The truly stagnant class in American society are young men from low-income backgrounds

In this blog post @ucdpolitics student, Muireann O’Shea, examines why America tends to look back upon the past with nostalgia, and to what extent this is bound up with perceptions of social mobility and the America Dream. The period of 1950 to 1980 saw the lowest income inequality ever in modern American history, with the top decile taking 30Continue reading “The truly stagnant class in American society are young men from low-income backgrounds”

The chasm of inequality: Why is the middle class shrinking?

In PewResearchCenter’s report (2015:1) they argue that lower and upper-income U.S households now outnumber the middle for the first time in decades. Despite financial gains the middle class has lost their majority income share to the upper classes and “the share of American adults living in middle-income households have fallen 61% in 1971 to 50%Continue reading “The chasm of inequality: Why is the middle class shrinking?”

Legal Discrimination: How Double Taxation Treaties Discriminate against Lower-Income Countries

Multinational treaty shopping and tax avoidance is commonplace throughout the world, particularly in poorer countries. The secretary-general of the OECD, Angel Gurría, believes that developing nations lose three times more money to tax havens then they receive in aid each year (The Economist, 2015). This treaty shopping is made possible by lax tax laws which oftenContinue reading “Legal Discrimination: How Double Taxation Treaties Discriminate against Lower-Income Countries”

The Financial Transaction Tax: Has the Market Finally Met It’s Foe?

Following the Great Recession, many solutions have been put forward to “rein the markets in”, and try to plug the inequality that has been on the rise since. These have included rent controls, increased banking regulation, and efforts to harmonise corporate taxation and discourage international tax havens. Most are in agreement that the long termContinue reading “The Financial Transaction Tax: Has the Market Finally Met It’s Foe?”

#Ash-shab’yuridisqatannizam: How 140 characters shaped the world.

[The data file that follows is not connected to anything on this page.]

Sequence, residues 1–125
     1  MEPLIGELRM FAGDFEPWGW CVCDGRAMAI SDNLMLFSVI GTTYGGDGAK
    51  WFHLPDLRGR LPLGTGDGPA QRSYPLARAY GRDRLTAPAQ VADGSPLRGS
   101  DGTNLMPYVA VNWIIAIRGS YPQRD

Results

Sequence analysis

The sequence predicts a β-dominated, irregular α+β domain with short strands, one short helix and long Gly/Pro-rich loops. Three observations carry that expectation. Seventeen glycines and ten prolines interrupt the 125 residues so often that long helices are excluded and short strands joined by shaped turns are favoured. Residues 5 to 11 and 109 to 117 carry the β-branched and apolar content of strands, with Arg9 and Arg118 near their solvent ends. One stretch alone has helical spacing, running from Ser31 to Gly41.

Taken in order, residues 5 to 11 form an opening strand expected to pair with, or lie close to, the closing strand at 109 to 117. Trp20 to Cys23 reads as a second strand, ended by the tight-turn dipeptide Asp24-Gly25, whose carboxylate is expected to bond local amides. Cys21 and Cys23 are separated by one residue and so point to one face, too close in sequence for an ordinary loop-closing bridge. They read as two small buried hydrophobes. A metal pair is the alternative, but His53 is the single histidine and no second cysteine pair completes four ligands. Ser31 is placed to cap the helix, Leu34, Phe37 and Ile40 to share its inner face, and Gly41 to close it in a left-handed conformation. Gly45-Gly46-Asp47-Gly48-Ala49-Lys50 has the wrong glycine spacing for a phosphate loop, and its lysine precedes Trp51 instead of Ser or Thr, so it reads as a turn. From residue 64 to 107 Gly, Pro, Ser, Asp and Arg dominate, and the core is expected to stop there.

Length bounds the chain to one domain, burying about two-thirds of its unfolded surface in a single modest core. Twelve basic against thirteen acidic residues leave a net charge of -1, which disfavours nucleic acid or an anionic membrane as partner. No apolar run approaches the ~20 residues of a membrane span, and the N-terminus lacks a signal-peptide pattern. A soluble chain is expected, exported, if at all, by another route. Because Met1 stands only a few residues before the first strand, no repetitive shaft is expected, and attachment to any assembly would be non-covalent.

Over the last decade, the power of social media as an independent media outlet has grown exponentially. Its ability to provide free and non censored information to the masses has allowed it to become a critical tool for political demonstration. @UCD_Politics student, Hazel Nolan, argues that social media sites such as Twitter and Facebook enabled andContinue reading “#Ash-shab’yuridisqatannizam: How 140 characters shaped the world.”

Ordoliberalism was the main inspiration behind EU competition law.

EU-US relations have been marked by a significant volume of trade and close diplomatic ties for most of post-WWII history. Together the EU and US currently account for half of world GDP and a third of global trade (EU Commission Trade Department). The first transatlantic regulatory cooperation agreement was signed 1991 in the area ofContinue reading “Ordoliberalism was the main inspiration behind EU competition law.”

The role of language in shaping German economic philosophy

  Against the background of the Eurozone crisis, Germany’s economic thinking has been subject to intense public debate in the english speaking world, and historical experiences and cultural differences have sometimes been adduced to explain Germany’s preoccupation with balanced budgeting and independent central banking. In this post Caroline Bhattacharya argues that German economic policy is deeply intertwinedContinue reading “The role of language in shaping German economic philosophy”

With No Direction Home?

Labour mobility imbalances between European Core and Periphery: evidence from Italy and Portugal In this post Vincenzo Maccarrone argues that much of the debate on the European economic crisis has concentrated on the presence of structural imbalances between Northern and Southern European countries[1]. When discussing this inequality most commentators focus on the differences in current accountsContinue reading “With No Direction Home?”

The EU Global Strategy: The perils of pragmatism

The following blog post is part of an ongoing conversation on on the EU Global Strategy published on the Global Justice Blog of the GLOBUS H2020-funded research programme Reconsidering European Contributions to Global Justice. _______________________________________________ The delivery of the EU Global Strategy does indeed renew the EU’s commitment to adapt to today’s challenging times. ItContinue reading “The EU Global Strategy: The perils of pragmatism”

The Political Economy of Brexit: London Will Adapt.

Everyone is trying to second guess the negotiating strategy of Theresa May, and how the EU will respond. No country should be more concerned about this than Ireland, the only EU country to share a border with the UK. Next week, the Irish government will host an all Ireland civic dialogue.  Political economy considerations have neverContinue reading “The Political Economy of Brexit: London Will Adapt.”